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Cryosphere glossary

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A B C D E F G H I J K L M N O P R S T U V W Y Z
Provides the user the ability to calculate or compare data parameters.
the removal of ice accumulation on aircraft, ships and other objects by mechanical, thermal or chemical devices.
any part of a glacier which has ceased to flow; dead ice is usually covered with moraine.
a sudden and destructive variety of landslide, in which loose material on a slope, with more than 50% of particles larger than sand size, is mobilized by saturation and flows down a channel or canyon.
the ability of a material to change its shape or size under the influence of an external or internal agency, such as stress, temperature, or pore pressure.
(1) the total degree of saturation of frozen soil is the ratio of the volume of ice and unfrozen water in the soil pores to the volume of the pores (2) the degree of saturation of frozen soil by ice is the ratio of the volume of ice in the soil pores to the volume of the pores.
a derived unit of measurement used to express the departure of the mean temperature for a day from a given reference (or base) temperature.
the failure strength of a material at a given strain rate or after a given period under deviatoric stress.
hexagonal ice crystals with complex and often fernlike branches.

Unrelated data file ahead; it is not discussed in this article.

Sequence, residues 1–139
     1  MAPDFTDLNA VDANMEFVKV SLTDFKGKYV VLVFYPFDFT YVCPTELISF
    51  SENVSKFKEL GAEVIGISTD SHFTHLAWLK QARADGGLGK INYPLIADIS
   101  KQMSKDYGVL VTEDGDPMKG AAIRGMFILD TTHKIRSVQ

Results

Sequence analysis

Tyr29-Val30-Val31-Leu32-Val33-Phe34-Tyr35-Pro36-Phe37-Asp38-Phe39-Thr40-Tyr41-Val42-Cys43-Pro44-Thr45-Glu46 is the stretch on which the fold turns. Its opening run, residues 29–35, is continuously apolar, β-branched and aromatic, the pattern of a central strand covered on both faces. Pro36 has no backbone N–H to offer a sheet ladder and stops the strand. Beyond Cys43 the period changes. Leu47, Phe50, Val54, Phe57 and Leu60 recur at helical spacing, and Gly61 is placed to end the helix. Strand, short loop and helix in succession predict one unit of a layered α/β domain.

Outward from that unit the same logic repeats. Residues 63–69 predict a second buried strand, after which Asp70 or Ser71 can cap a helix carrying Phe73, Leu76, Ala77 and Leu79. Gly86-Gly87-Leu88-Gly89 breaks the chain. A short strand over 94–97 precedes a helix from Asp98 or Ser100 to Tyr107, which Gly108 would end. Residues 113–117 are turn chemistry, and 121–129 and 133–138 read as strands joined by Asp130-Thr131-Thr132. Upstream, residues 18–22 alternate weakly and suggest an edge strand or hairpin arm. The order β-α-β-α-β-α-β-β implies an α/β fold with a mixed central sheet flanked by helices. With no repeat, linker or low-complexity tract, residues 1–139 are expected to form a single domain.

the mass of a unit volume of frozen soil or rock.
in meteorology, an area of low pressure (i.e. a low); usually applies to a particular stage in the development of a cyclone.
a kind of hoarfrost; ice crystals that develop by sublimation within a layer of dry snow; characterized by rapid recrystallization, usually caused by large temperature gradients; similar in physical origin to crevasse hoar; crystals are faceted, rather than rounded.
the maximum thickness of the seasonally frozen layer.
vertical interval between the top surface of a snow layer and the ground beneath; the layer is assumed to be evenly spread over the ground which it covers.
the minimum distance between the ground surface and frozen ground at any time during the thawing season in an area subject to seasonal freezing and thawing.
the distance from the ground surface downward to the level beneath which there is practically no annual fluctuation in ground temperature.
crack or fissure developed in fine-grained soil material as a result of shrinkage during drying.
closed, multi-sided, patterned ground feature formed by desiccation cracks in fine-grained soil material, usually less than 2 meters (6.6 feet) in diameter.
(1) (North American usage) the mean of the three largest depths of seasonal frost penetration measured during the past thirty years, or the largest depth of seasonal frost penetration beneath a snow-free soil surface measured during the past ten years (2) (Russian usage) the mean of the depths of seasonal frost penetration measured during at least the last ten years with the ground surface free of snow and the groundwater level below the depth of seasonal frost penetration.
the cumulative number of degree-days below 0 degrees Celsius, calculated by taking the average of the seasonal freezing indices for the three coldest winters in the most recent 30 years of record.